I freely admit to getting caught up in the hype leading to Batman Returns release in theaters. For anyone that grew up reading comic books 1989’s Batman may as well have been the second coming of Christ. It took certain liberties here and there but those were forgiven as we just wanted to see the Dark Knight on the big screen. Batman Returns promised to be bigger and better and was certainly bigger. But better? That’s debatable. The film has some glaring flaws which extends to this Sega Genesis tie in. With a little more fine tuning the game could have been good but is far too cheap to be enjoyable for long.
The game follows the plot of the movie for the most part with the Penguin’s terrorizing Gotham after a failed bid at becoming its mayor with Catwoman inexplicably thrown into the mix. The game picks up close to halfway into the movie’s events oddly enough with the short intro recapping all you need to know. Or maybe it’s not so odd. For a movie called Batman Returns he sure takes his sweet ass time showing up; it’s nearly 40 minutes into the film before you ever see the damn guy.
As a side-scroller Batman is armed with a few melee moves and I’ll tell you right now that the hand to hand combat sucks. Luckily there are a variety of sub weapons in his utility belt that you can use instead for the most part. Batarangs come in standard and heat seeking varieties, smoke bombs can stun enemies, and you can unleash a powerful flurry of bats. Ammo for these is limited but refills are in ready supply almost as if they knew most would rely on them rather than standard fisticuffs.
At 5 Acts with multiple sub levels each this is a pretty long adventure that uses many of the film’s locations as set pieces. Most levels are pretty wide open and allow you to choose your own route to the end while making ample use of the grappling hook. It’s a nice idea in theory but in practice the level design is flat out confusing with little direction. It isn’t always obvious which background elements you can swing from or even stand on. Many of the game’s pitfalls and such are obscured by the numerous foreground objects leading to many a cheap death.
If those don’t get you then the many leaps of faith needed to find the proper path will. There’s a heavy emphasis placed on using the grappling hook to navigate the levels and its one of the most finicky mechanics I’ve ever had to deal with. You can never reliably get it to work in a pinch but thankfully it’s use is mostly relegated to finding power-ups.
Batman moves with the grace of an elephant which is problematic as nearly every generic enemy is an Olympic athlete by comparison, able to dart around the screen at a pace you can only dream of. Trying to deal with most foes with punches and kicks is futile as your reach is too short. The bat wielding clowns of Act 2 are a prime example of this; they will always nail you and run away unless you use some projectile. The game is riddled with these kinds of cheap hits as clowns rain down from the sky or from off screen. The motorcycle riding thugs at the beginning of Act 2 are the epitome of this; they move too fast for you to react and the few that you could possibly dodge will actually shoot you immediately. With the scarcity of health packs chances are you’ll die at least once or twice on each level before clearing it which isn’t necessarily a bad thing; having to repeat certain tasks before completion is one of the most enjoyable aspects of gaming. But when it’s due to unnecessarily fair elements like the ones present here that it crosses the line.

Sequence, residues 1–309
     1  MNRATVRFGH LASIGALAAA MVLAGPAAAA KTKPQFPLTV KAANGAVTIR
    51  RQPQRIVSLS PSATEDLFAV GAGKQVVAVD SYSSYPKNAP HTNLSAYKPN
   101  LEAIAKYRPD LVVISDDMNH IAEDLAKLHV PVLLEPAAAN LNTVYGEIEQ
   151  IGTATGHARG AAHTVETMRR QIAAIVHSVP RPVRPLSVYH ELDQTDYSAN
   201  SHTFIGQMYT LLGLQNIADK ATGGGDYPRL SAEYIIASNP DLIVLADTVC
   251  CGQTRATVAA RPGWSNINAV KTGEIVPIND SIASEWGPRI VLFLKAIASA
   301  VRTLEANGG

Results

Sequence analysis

While the game’s flaws are frustrating when all of its constituent elements come together it does work. There are some cool moments during the length of the game such as winding your way down a crumbling tenement building or some of the game’s boss battles. Admittedly you’ll fight Catwoman and the Penguin a few too many times for my liking but at least these encounters are memorable. Learning their patterns and taking them out without a scratch is actually pretty fun. There are only a few that are outright terrible such as the battle against the Circus strongman so at least they are few in number.
Graphically there are elements that I like but the game does leave me with mixed feelings. The game’s dark color palette captures the atmosphere of the movie pretty well and the sprites are decently animated. There grainy look of the environments does get tiring as does the purple saturation of the entire game. There’s a slap dash look to most of the stages with many random elements seemingly thrown together that makes navigation difficult. At its best moments it is impressive, at its worst its confusing.
There’s a lot to like here buried under shoddy execution. Had Sega spent more time play testing the game and ironing out its flaws this could have been an excellent title. As is it reeks of a missed opportunity.